I’ve pinned myself to the wall and all sensation has left my hands. Here I am, in the giant white cell of Studio Wayne McGregor about to take my very first dance class with the professional dancers of Candoco. My very first dance class ever, in fact. Fear manifests in every nerve ending.
My safe space is behind a desk at Candoco’s HQ in Islington. I’ve been in my temporary role as Digital & Communications Coordinator for 10 months now, acting as maternity cover for our permanent Comms Coordinator, Lucy, while she takes time to start her new family. I started the position here out of a desire to try something completely new. But perhaps this is too new.
The closest I get to the action is usually bundled up in the corner of a rehearsal studio fiddling with my camera lens while dancers soar across the floor in front of me, making it almost impossible for the shutter to keep up. Effortlessly fluid, elegant movements are punctuated by giggles and shrieks of laughter as limbs, wheels, crutches, hair and cloth become a dizzying mesh of movement. This is the part of my job that I love, watching for the unspoken things. The laughter and friendship that binds bodies in the rehearsal room and exploring how that translates to breathtaking spectacle on stage. What I love most about my job is getting to show our fans behind the scenes, and to try conveying that joy of physicality into Candoco’s outward-facing voice. To make our audiences feel as much a part of this as I now do.
Coming from a background in regional theatre the world of contemporary dance felt like learning a foreign language; one that exchanges hearty monologues for dance phrases, and audible projections for bodily articulations.
“You don’t have to ‘get it’”, Pedro told me in one of our very first conversations where I expressed a nervousness at my complete inexperience of contemporary dance. “You just have to have an opinion”.
It didn’t take long to form one, either. The people who work for and with this company live and breathe its ethos. The energy, the passion is inescapable. Whether sat around a meeting table, or watching a rehearsal or a work-in-progress sharing from the floor of a studio, it’s hard not to feel the living, beating heart of Candoco through the people who bring it to life.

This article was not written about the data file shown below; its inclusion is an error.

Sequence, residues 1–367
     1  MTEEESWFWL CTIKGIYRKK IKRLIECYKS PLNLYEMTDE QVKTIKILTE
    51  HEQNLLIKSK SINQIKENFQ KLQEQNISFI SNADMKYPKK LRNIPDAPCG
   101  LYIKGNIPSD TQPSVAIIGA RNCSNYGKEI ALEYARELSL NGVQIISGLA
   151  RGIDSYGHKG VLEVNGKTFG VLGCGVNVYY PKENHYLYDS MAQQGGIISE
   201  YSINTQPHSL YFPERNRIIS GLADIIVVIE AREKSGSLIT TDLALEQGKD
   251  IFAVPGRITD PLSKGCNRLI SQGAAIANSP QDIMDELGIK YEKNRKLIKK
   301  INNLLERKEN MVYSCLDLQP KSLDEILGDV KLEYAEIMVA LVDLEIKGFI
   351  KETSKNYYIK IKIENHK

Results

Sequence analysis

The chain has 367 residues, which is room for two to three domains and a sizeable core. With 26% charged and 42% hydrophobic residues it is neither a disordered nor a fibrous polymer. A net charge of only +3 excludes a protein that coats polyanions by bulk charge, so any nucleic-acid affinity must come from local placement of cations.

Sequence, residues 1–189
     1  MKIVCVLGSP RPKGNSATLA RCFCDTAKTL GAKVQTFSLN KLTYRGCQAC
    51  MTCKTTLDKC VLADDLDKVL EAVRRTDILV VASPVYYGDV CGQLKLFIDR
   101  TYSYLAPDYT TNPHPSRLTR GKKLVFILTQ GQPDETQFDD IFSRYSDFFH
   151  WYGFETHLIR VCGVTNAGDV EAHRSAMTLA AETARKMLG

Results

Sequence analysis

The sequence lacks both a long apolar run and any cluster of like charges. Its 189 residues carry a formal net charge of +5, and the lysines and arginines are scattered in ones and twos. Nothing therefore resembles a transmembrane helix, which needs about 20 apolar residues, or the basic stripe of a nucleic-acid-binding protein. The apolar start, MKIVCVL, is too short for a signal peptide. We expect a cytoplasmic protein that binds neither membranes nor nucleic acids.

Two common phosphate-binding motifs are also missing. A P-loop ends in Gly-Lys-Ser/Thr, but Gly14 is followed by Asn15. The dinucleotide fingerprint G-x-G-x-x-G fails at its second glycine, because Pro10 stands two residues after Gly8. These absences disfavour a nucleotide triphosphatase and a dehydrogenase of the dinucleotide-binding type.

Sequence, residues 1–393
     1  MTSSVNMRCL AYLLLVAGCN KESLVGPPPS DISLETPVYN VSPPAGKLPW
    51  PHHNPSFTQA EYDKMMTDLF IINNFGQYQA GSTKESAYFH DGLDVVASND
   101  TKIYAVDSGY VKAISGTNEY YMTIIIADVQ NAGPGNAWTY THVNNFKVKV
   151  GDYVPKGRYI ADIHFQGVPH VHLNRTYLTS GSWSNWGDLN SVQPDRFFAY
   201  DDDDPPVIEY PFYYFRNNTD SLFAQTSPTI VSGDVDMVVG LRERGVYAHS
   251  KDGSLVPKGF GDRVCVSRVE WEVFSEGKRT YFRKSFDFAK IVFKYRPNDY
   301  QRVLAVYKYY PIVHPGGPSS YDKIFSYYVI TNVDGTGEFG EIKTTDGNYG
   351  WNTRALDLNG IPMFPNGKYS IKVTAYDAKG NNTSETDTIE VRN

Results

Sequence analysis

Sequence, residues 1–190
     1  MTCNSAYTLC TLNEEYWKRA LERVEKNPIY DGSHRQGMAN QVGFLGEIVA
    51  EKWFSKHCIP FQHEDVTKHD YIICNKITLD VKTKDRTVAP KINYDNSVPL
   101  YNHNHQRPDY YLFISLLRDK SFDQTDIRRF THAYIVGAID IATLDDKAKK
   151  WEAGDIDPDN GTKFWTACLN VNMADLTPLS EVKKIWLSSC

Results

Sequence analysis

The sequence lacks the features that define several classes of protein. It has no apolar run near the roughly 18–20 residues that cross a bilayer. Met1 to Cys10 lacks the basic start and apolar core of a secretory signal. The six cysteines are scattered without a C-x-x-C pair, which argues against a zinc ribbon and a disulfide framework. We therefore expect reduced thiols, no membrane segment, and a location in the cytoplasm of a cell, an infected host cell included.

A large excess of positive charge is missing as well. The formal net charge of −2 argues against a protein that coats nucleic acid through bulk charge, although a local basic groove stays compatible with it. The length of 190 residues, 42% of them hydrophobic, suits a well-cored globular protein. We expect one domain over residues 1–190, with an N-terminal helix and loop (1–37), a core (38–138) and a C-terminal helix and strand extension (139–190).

Pressed up against the wall watching the dancers file into Studio Wayne McGregor, all I can feel is my own beating heart exploding out of my chest with nerves. With a mix of mild confusion and excitement, the dancers hug me in reassurance. It would be far easier to run away if everyone wasn’t so warm and welcoming.
In February this year Candoco ‘opened our doors’ with a week of participatory events, inviting everyone to take a look behind the scenes of a dance company of disabled and non-disabled dancers and learn more about our inclusive practice. (I wilfully avoided taking the open company class, then). During this week Candoco’s Co-Founder, Celeste, gave a talk with Siobhan Davies about how they came to form their respective companies, explaining that at the foundation of Candoco was how she came to discover the detail in dancing.
Celeste, along with our brilliant Artistic Directors, helped me to comprehend that the essence of dance belongs in the unspoken detail. They made me excited by the intangible, by making me understand that dance creates the conversation. Candoco operates without ego, but with purpose and a pioneer spirit. It embodies an intellectualism in dance that doesn’t patronise the audience, but rather invites dialogue. It wants you express your opinion. When we sold out two nights at Sadler’s Wells last autumn, the auditorium thundered with conversation after an impassioned standing ovation. Candoco excites.
I have seen first hand how Candoco provides a voice to those who think differently and for those to whom conversation starts within the body. In our young Cando2 dancers, to our Artists and company dancers, there is a spark that didn’t make sense to me until I stepped inside of that studio and, trembling, slipped off my shoes to begin to try to understand.
An hour and a half later in the studio and I’m laid out on the floor, with muscles that I didn’t know existed glowing with a warmth that will eventually become an ache, that will eventually become a pleasant memory of one of my proudest moments. An hour and a half of learning how to release, of experiencing moments of creative spontaneity that could never be replicated, of grasping that communication is as much about internalising and listening to the body, or even just making eye contact, as it is being able to talk or write confidently. Communication is exchange. Glances. Laughter. Whistling. Touch.
I leave my first ever dance class on a sea of endorphins.
I think I get it now.